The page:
This Dutch banjo player came to the United States following World War II and strummed his way right onto a hit television show where he backed up some of the biggest stars in the business. He is a leading player in the field of plectrum banjo -- playing the instrument with a pick held between two fingers, rather than using fingerpicking styles -- and continues to teach many students in this style. He started playing music at the age of seven, picking an instrument that was just about the right size for someone his age: the ukulele. Upon settling in his adopted home of Sacramento, CA, he became inspired by Eddie Peabody, a fabulously popular banjoist in this style who had a successful career in Hollywood as well as on the road. He went into a pawn shop holding his uke, but came out with a tenor banjo. The deal certainly became a bargain for music listeners in 1960, when he headed south for San Diego and hooked up with the Mickie Finn Band. This was a Spike Jones-inspired outfit proliferating a blend of Dixieland and near rave-up versions of whatever songs might have been popular that week, definitely including moments of lunacy in the standard that had been set by Jones, and like he and his band the City Slickers, the Finn outfit was a natural for the hot television variety show concept. In 1966, The Mickie Finn Show began to run for several years on NBC, allowing regularly featured banjoist Van Palta the perfect right to list names such as Jimmy Durante, Merv Griffin, Glen Campbell, Bing Crosby, Liza Minnelli, Tim Conway, Jonathan Winters, George Gobel, Roy Rogers and Dale Evans, Jerry Van Dyke, and Bob Hope. The banjoist, who had become known as the Flying Dutchman, backed them all up, and more, during the Finn stint and on-stage at a variety of casino shows in Las Vegas, Lake Tahoe, and Reno. He also received invitations to perform on other variety shows hosted by the likes of Van Dyke and Mike Douglas. His blend of musical virtuosity and madcap comedy, which he was able to execute as a solo act as well as part of a cabaret or variety evening, won him comparisons with another master of this genre, Victor Borge. No material was out of the range of Van Palta, since he could technically figure out how to play anything. A medley of themes from Jesus Christ Superstar was one of his tour-de-force features, although some listeners may have wished this number had received the Finn over-the-edge treatment. Dixieland and ragtime styles remain areas of his expertise. In 1999, after more than two decades enjoying a touring schedule based around the top echelon cruise lines, Van Palta and his wife retired to Grand Junction, CO. A business based on her interest in alternative health care became their main support while he developed a local band featuring banjo, tuba, and tenor sax. He teaches via the Internet and video and also writes articles for an Internet banjo magazine. In 1999, he was inducted into the Guthrie, OK, Banjo Hall of Fame. The best examples of his playing on recordings are the cassettes and compact discs he produces and distributes himself. The classic collection Beethoven to Beatles on Banjo was combined with another album, The Dutchman Flies Again, to create the heavy duty The Flying Dutchman, equivalent to an eight-course meal of his plectrum plucking. A list of titles such as this would send most musicians into an extended anxiety attack were they to appear stacked up on their music stand. He whips through "Lara's Theme," just to warm up, of course. Then there are excerpts from the opera Carmen, George Gershwin's "Rhapsody in Blue," a nod to old Spike with "Chloe," the Beatles, ragtime, and finally "Moonlight Sonata," just in case the listener isn't already overwhelmed. Plays at Mickie Finn's is a well-produced live set, so far available only as a cassette. He also distributes his own instruction course, featuring a combination of videos and cassettes.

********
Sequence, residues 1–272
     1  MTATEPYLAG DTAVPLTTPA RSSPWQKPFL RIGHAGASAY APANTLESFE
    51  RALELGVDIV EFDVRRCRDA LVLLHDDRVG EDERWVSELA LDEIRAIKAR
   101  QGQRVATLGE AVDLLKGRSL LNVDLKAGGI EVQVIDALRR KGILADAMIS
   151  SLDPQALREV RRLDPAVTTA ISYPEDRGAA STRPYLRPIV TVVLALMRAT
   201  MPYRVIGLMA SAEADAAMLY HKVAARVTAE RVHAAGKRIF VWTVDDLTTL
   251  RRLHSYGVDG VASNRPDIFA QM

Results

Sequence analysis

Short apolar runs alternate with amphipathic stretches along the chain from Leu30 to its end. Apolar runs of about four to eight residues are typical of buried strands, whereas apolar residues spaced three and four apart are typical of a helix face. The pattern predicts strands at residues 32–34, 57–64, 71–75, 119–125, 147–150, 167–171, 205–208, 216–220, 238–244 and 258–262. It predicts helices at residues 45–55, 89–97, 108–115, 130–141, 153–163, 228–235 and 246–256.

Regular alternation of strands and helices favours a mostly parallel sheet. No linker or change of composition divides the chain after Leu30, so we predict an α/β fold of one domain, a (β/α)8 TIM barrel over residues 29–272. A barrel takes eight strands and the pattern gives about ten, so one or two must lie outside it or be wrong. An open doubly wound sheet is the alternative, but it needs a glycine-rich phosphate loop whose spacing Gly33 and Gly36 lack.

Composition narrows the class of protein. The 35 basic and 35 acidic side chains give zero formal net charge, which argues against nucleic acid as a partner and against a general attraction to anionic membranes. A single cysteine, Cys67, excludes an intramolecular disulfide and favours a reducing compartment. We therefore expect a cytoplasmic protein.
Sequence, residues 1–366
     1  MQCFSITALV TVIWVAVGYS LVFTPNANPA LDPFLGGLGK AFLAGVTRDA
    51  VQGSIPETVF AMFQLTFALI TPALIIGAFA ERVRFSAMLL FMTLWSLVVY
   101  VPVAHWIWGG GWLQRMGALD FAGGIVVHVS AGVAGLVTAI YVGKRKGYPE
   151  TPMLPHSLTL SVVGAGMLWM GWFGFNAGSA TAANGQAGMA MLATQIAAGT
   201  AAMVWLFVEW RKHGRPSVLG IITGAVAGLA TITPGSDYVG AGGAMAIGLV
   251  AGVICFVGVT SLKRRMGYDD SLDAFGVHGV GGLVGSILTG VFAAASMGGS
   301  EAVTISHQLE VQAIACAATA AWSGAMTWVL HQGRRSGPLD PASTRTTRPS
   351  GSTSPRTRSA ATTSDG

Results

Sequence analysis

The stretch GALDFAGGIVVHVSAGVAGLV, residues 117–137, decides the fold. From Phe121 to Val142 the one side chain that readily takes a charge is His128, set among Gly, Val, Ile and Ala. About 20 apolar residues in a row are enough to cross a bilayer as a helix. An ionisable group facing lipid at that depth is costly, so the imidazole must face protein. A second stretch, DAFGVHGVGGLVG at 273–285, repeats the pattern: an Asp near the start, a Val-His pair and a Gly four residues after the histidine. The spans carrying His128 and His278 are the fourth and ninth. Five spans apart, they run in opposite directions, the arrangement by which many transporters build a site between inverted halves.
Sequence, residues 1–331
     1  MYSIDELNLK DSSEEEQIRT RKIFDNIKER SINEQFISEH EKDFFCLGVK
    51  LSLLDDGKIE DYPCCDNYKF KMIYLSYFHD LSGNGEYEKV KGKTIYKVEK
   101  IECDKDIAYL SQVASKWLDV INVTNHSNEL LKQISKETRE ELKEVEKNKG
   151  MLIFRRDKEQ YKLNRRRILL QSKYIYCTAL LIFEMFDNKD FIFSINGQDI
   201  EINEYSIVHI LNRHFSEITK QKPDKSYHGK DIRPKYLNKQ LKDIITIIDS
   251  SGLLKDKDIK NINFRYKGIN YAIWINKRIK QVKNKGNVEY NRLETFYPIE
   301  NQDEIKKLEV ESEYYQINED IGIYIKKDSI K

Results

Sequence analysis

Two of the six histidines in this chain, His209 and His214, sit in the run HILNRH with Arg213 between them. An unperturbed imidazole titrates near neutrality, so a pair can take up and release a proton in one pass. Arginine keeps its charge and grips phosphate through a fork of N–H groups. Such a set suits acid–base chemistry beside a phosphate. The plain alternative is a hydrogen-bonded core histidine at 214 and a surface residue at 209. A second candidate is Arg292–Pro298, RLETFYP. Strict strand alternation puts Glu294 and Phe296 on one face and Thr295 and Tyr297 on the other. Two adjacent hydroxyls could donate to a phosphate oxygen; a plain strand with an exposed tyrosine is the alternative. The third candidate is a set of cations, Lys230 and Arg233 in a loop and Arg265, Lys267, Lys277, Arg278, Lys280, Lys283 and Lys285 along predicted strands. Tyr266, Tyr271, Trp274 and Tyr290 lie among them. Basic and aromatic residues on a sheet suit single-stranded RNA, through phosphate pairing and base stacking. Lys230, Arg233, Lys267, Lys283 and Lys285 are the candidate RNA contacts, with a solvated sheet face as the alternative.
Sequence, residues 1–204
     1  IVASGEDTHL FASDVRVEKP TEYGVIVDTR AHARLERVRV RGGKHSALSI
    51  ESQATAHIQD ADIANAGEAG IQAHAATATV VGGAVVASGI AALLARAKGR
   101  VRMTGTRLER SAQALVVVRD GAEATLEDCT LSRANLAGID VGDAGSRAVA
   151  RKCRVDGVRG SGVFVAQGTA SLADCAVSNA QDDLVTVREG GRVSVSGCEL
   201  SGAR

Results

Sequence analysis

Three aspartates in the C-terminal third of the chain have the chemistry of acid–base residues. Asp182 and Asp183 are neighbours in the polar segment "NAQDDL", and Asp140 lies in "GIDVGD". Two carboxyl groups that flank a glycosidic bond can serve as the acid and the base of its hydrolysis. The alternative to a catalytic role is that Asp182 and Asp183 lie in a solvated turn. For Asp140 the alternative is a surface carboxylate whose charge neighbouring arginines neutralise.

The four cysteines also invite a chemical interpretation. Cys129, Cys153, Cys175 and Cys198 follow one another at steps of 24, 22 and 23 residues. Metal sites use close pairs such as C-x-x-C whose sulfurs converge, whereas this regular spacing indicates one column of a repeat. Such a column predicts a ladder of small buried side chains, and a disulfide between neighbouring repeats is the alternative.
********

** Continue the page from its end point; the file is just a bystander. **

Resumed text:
Share this page